A while back, I stumbled upon the film Columbus. It’s mainly a story about the relationship between Casey, a recent high school graduate who feels obligated to continue living at home to help her mother, and Jin, whose aged father—a respected architecture professor—has collapsed into a coma on the eve of a lecture he was scheduled to give in Columbus.
The film watches Jin and Casey’s paths cross in Columbus, and challenge each others’ perceived roadblocks—Jin questioning Casey’s actual need to stay stuck in Columbus instead of going to architecture school, and Casey challenging Jin’s emotionally distant relationship with his father.
Since architecture is part of the connective tissue between these two characters, and Columbus is full of architectural gems, Casey takes Jin to many of her favorite structures throughout the film. One of those is the Irwin Union Bank & Trust. There’s a scene where Casey begins to rattle off a sort of tour guide exposition about the bank, but Jin cuts her off.
Jin: You said this is one of your favorite buildings.
Casey: It is.
Casey: It’s one of the first modernist banks in the United States…
Jin: No, no, that can’t be it. Do you like this building intellectually, because of all the facts?
Casey: No. I’m also moved by it.
Jin: Yes. Yes! Tell me about that. What moves you?
Casey: I thought you hated architecture.
Jin: Yeah, I do. But I’m interested in what moves you. Particularly about a building.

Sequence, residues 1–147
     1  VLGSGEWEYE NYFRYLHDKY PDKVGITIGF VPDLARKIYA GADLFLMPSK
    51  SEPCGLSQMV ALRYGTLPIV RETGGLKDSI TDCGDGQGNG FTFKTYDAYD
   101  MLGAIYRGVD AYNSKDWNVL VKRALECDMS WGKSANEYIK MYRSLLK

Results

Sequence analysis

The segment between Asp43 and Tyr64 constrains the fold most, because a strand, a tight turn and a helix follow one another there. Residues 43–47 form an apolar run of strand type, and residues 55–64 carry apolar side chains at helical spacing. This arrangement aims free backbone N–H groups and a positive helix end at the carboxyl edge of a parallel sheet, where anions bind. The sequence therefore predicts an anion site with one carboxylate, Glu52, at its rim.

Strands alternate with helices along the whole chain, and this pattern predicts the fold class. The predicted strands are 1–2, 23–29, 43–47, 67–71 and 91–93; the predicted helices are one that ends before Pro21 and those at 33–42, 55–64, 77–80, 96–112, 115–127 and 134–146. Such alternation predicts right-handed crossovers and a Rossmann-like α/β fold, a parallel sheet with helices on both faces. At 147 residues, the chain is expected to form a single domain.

The audio drops out, and the camera frames Casey, appearing at first to not know what to say, but then slowly beginning to speak. We can’t hear what she’s saying, but the words aren’t important; from her expressions, it’s plain to see that Jin’s prompt has caught her off guard, and that she’s processing a more emotional connection to the building than she had acknowledged before. As she speaks and gestures, it’s clear that this a meaningful moment of self-discovery.
I’ve thought about this scene a lot since I watched it. It’s a masterful bit of cinema, but it’s also an invitation. Who wouldn’t want to have that kind of revelatory moment? What sits just below the surface of the things I enjoy? How many of my pursuits contain untapped joy and meaning, just waiting for the head to connect to the heart? What could I unlock in others, just by asking them to speak more deeply about their interests?
What moves you?